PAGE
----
Coal is still our most abundant form of energy and it’s still relatively cheap to burn.
However, the political, social and scientific pressures to move away from coal are growing greater every day. The biggest drawback of coal is that, while being abundant, it is also among the dirtiest forms of energy (only tar-sand crude is dirtier). More and more, those lobbying for ways to curb climate change and reduce a variety of pollutants associated with coal are gaining traction with lawmakers.
Natural Gas is Cleaner
Natural gas is also extremely abundant, but burns far cleaner than coal. With the recent advances in the drilling technology known as hydraulic fracturing, vast new resources of natural gas are being brought forth on practically a daily basis. How much cleaner is natural gas than coal? The difference is dramatic. According to the Worldwatch Institute, natural gas emits 47 percent fewer greenhouse gasses than coal. That includes taking a variety of factors into account, such as methane "flares and leaks” associated with natural gas extraction. Another advantage is that natural gas rigs tend to be less obtrusive within the environment when compared to strip mining and the large-scale terraced pits of major coal operations.
Big Greenhouse Gas Reductions
In the past five years, the United States has actually reduced its greenhouse gas emissions back to 1996 levels, or by more than 12 percent. Much of the credit has been attributed to a significant shift to natural gas to power major U.S. electrical utilities. Coal has fallen from supplying just more than 50 percent of U.S. total energy output to just 35 percent, while natural gas has increased from 15 percent in 2005 to 35 percent by 2012. Because natural gas burns far cleaner than coal, this shift is without a doubt been a factor in the reduction of carbon being pumped into the atmosphere. Note that other factors have reduced the overall production of greenhouses gasses as well, such as the flat economy in which industry was using less energy, people driving less, and more efficient cars. Still, the reduction of coal usage and the increase of natural gas is a primary influence.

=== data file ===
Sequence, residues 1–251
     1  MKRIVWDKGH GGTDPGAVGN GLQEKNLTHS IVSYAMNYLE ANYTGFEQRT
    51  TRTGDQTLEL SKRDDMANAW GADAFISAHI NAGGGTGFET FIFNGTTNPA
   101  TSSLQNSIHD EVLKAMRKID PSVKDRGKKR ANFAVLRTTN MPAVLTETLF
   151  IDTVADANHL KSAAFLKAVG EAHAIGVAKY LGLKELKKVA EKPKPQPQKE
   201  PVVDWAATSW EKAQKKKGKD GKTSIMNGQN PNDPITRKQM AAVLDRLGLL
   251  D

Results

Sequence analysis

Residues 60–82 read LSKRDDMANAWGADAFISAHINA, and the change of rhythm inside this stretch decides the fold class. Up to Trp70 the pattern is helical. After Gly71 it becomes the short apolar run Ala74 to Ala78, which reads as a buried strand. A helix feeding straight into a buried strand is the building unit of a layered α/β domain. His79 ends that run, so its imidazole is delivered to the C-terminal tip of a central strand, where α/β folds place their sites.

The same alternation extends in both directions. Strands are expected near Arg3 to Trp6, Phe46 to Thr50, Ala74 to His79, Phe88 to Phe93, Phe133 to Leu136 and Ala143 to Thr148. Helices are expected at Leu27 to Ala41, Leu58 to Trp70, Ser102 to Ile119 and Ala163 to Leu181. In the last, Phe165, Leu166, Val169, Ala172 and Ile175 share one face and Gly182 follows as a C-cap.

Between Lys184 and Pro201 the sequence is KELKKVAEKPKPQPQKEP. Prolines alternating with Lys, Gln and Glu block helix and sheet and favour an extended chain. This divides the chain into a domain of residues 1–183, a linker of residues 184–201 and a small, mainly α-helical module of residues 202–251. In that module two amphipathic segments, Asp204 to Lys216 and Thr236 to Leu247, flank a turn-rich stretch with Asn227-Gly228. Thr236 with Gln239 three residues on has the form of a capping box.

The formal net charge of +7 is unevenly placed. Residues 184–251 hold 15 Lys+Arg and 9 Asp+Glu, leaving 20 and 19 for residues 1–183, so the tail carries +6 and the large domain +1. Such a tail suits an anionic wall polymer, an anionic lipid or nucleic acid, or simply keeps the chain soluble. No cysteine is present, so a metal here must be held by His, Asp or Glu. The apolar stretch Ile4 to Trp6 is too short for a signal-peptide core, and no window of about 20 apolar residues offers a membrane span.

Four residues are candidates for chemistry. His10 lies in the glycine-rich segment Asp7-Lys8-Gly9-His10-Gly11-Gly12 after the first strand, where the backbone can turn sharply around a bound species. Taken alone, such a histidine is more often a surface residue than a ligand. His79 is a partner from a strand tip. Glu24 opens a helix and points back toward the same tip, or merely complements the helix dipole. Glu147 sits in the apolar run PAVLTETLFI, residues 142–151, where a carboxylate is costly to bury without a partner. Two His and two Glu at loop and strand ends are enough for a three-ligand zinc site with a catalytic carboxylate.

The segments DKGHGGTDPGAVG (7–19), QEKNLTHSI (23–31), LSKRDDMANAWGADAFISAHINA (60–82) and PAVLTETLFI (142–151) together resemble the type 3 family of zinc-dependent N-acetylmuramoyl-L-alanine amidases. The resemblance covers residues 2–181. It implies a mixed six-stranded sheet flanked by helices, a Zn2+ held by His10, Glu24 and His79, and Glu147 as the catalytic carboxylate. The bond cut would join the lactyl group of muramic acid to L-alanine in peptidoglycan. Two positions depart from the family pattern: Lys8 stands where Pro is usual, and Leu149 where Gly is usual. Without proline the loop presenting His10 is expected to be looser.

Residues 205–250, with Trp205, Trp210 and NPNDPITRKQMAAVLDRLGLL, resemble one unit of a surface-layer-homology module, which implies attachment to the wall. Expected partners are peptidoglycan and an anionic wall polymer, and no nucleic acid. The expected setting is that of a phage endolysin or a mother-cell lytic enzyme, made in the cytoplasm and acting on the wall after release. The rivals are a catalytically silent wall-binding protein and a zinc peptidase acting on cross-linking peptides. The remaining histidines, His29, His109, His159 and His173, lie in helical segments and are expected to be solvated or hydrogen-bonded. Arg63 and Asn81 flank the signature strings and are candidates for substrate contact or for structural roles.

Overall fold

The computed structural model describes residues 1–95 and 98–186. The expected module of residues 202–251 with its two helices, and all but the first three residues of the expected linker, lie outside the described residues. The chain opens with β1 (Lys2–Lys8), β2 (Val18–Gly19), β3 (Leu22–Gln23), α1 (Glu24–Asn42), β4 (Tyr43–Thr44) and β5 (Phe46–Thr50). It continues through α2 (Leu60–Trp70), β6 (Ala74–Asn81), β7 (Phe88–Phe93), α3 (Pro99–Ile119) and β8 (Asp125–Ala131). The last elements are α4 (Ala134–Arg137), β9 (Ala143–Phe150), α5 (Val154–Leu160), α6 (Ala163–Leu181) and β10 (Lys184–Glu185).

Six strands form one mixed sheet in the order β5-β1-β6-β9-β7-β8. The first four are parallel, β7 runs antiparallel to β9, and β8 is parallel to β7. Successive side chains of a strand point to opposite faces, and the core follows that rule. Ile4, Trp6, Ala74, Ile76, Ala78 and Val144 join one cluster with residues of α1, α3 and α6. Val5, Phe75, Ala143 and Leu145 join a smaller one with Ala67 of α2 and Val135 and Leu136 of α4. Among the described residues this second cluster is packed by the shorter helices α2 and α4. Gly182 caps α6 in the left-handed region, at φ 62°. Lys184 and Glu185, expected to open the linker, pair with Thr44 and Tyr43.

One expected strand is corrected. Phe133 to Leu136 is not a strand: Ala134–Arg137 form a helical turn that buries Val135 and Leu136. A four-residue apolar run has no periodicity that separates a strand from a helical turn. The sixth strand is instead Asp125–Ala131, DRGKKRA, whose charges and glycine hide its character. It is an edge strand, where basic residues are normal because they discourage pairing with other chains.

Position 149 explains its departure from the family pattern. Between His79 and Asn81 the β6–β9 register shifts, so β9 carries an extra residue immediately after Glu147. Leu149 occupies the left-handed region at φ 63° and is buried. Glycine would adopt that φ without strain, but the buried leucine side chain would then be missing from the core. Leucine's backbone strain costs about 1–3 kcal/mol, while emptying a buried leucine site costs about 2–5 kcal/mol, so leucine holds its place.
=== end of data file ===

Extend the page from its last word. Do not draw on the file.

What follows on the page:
Of course, the boom in natural gas production has not been without controversy. The process of hydraulic fracturing has spawned widespread protest, especially from environmental groups, who say the process has not been proven to be safe. Other factors also detract from the benefits of natural gas. For example, hydraulic fracturing (often called “fracking") requires large amounts of silica sand and enormous quantities of water to accomplish. Many areas are being mined for silica sand, and local citizens are alarmed about the numerous sandy pits that are opening gaping holes in once pristine landscapes and productive farmland given over to natural gas production. In general, however, the advantages of natural gas over coal are significant across the board when all factors of economics, energy production, and ecology are considered.